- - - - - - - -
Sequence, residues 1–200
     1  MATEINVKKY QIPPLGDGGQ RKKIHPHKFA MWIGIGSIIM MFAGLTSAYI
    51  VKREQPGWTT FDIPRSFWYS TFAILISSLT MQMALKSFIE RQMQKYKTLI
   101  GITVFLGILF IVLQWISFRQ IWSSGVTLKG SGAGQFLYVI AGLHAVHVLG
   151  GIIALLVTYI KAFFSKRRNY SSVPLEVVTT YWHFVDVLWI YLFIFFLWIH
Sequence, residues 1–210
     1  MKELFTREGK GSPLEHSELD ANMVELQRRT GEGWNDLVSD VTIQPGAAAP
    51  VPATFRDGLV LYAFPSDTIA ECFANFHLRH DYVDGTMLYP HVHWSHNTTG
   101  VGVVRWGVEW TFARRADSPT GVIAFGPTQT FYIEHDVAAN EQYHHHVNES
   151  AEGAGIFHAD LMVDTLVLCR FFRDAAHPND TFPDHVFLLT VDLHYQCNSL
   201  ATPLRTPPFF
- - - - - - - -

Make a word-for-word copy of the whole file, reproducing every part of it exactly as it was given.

Sequence, residues 1–200
     1  MATEINVKKY QIPPLGDGGQ RKKIHPHKFA MWIGIGSIIM MFAGLTSAYI
    51  VKREQPGWTT FDIPRSFWYS TFAILISSLT MQMALKSFIE RQMQKYKTLI
   101  GITVFLGILF IVLQWISFRQ IWSSGVTLKG SGAGQFLYVI AGLHAVHVLG
   151  GIIALLVTYI KAFFSKRRNY SSVPLEVVTT YWHFVDVLWI YLFIFFLWIH
Sequence, residues 1–210
     1  MKELFTREGK GSPLEHSELD ANMVELQRRT GEGWNDLVSD VTIQPGAAAP
    51  VPATFRDGLV LYAFPSDTIA ECFANFHLRH DYVDGTMLYP HVHWSHNTTG
   101  VGVVRWGVEW TFARRADSPT GVIAFGPTQT FYIEHDVAAN EQYHHHVNES
   151  AEGAGIFHAD LMVDTLVLCR FFRDAAHPND TFPDHVFLLT VDLHYQCNSL
   201  ATPLRTPPFF